The agreement also states that companies, which have received more than DKK 60 million in compensation for fixed expenses in the extended period (i.e. until 8 July 2020) may not distribute dividends or repurchase own shares in 2020 and 2021. If a company acts against the declaration, the Danish government may demand a full repayment of the compensation given to the company in accordance with the fixed compensation scheme.

Assembly ban and general assembly meetings

The ban on assembly has prevented the organization of and participation in larger private as well as public assemblies, gatherings etc. where the number of participants is more than 10 people. The ban is currently applicable until 10 May 2020. One of the consequences of the assembly ban has been that it is not possible for companies to conduct their general assembly meetings in due time to approve the company’s yearly financial report, which must be submitted to the Danish Ministry of Business Affairs in accordance with the deadlines stated in Article 138 (1) of the Danish Financial Statements Act.  Consequently, the Danish Ministry of Health has decided to extend the deadline for submission of the approved annual fiscal report, which will be applicable to all companies mentioned in the Danish Financial Statements Act.

According to the recently implemented Deadline Notice, companies can submit their yearly fiscal reports within the last eight weeks after the ban on assembly has been lifted. However, the following conditions must be met if a company wishes to take advantage of the extension:

1) The company cannot have held a general assembly meeting prior to the assembly ban, where the annual fiscal report was approved

2) The company has more than 10 owners

3) The articles of association of the company does not give permission for the company’s general assembly meetings to be held electronically.

You can read more about the assembly ban and general assembly meetings here.

Distribution of dividends

The main rule in the Danish Companies Act is that dividends to the shareholders are distributed based on the annual accounts. Despite the current situation, a company can still distribute dividends to its shareholders if the rules of the Danish Companies Act are met. However, the company's management must keep in mind that the distribution of dividends is within the limits of what can be considered as being financially responsible for the company, given its current financial position. The company’s management has an obligation to always ensure that the company has sufficient “distributable reserves”, so that the company is able to meet its obligations in terms of the company’s ongoing and future obligations.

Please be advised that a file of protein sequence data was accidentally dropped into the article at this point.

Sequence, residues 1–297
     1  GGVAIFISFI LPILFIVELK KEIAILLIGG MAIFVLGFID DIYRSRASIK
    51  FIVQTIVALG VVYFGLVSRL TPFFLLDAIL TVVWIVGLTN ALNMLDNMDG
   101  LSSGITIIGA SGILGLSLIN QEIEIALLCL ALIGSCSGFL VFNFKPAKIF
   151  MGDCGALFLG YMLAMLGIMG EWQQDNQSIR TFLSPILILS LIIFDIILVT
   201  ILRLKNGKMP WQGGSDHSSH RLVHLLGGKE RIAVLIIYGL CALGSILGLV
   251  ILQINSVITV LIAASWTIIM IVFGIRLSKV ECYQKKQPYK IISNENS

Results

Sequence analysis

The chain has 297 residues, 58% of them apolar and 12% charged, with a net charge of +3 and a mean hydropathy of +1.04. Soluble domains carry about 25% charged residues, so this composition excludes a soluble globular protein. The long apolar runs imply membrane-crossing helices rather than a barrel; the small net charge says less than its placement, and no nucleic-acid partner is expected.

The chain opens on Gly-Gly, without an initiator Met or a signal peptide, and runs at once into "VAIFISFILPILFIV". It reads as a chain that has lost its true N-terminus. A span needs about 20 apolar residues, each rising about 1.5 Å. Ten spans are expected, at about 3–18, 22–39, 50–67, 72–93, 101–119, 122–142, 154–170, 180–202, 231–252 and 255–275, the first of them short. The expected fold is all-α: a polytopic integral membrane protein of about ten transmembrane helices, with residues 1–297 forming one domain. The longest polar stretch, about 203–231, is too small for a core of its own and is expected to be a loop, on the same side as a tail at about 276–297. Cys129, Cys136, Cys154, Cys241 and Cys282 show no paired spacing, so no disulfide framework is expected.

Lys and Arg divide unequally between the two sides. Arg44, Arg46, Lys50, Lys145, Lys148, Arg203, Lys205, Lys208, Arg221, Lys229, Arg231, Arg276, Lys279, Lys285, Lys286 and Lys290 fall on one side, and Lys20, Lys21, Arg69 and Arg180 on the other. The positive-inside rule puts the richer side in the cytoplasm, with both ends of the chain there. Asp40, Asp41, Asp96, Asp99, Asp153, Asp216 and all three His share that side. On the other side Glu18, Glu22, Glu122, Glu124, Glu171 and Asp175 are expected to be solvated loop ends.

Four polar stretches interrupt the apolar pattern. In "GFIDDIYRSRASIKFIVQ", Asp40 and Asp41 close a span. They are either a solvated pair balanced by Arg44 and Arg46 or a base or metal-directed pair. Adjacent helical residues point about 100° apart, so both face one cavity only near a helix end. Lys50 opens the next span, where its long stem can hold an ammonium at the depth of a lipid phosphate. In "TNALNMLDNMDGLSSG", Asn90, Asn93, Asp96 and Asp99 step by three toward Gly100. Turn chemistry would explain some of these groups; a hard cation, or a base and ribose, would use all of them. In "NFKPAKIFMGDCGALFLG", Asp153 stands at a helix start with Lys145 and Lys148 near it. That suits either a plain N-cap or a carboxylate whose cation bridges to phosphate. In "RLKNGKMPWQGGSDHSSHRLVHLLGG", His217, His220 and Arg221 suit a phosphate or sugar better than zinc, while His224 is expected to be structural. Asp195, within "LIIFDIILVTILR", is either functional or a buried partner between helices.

In assessing whether the company's financial resources are adequate, the company's management must assess the company's budgets. If the company is financially affected by the corona crisis, the company should consider laying out a new budget taking such downturns into account. The new budget should form the basis for the management’s assessment of whether or not dividend distribution would be considered economically viable for the company.

The company’s management has the right to reduce or completely stop the distribution of dividends, even if the general assembly has made a corporate decision to distribute dividends to the company's shareholders. However, if dividends have been announced by the company, this decision cannot be cancelled. In the absence of any Articles of Association on this matter, dividend payments are due at the time of the general assembly’s decision to distribute them. From that moment, the company's shareholders will have a claim against the company.

In relation to banks, the Danish Financial Supervisory Authority has indicated that under the current circumstances the banking sector should avoid degrading the banks’ capital base by paying dividends or issue share repurchases. However, this is merely a recommendation.

Distribution of dividends and compensation for fixed expenses

In the gradual opening of Denmark, the Danish parliamentary parties have entered into an agreement, which extends the government's economic aid packages to struggling Danish companies and employees. The agreement states, among other things, that the compensation scheme for companies' fixed costs is extended by one month from 8 June 2020 to 8 July 2020. In addition, the compensation scheme is extended, which e.g. entails that the threshold for loss of turnover is lowered from 40% to 35% and the compensation ceiling is raised from DKK 60 million to DKK 110 million.

The agreement also states that companies, which have received more than DKK 60 million in compensation for fixed expenses in the extended period (i.e. until 8 July 2020) may not distribute dividends or repurchase own shares in 2020 and 2021. If a company acts against the declaration, the Danish government may demand a full repayment of the compensation given to the company in accordance with the fixed compensation scheme.